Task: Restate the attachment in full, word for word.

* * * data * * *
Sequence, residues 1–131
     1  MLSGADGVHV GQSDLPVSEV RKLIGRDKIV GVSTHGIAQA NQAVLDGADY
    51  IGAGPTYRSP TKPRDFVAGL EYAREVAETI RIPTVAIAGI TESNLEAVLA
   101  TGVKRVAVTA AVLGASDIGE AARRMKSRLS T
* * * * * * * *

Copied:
Sequence, residues 1–131
     1  MLSGADGVHV GQSDLPVSEV RKLIGRDKIV GVSTHGIAQA NQAVLDGADY
    51  IGAGPTYRSP TKPRDFVAGL EYAREVAETI RIPTVAIAGI TESNLEAVLA
   101  TGVKRVAVTA AVLGASDIGE AARRMKSRLS T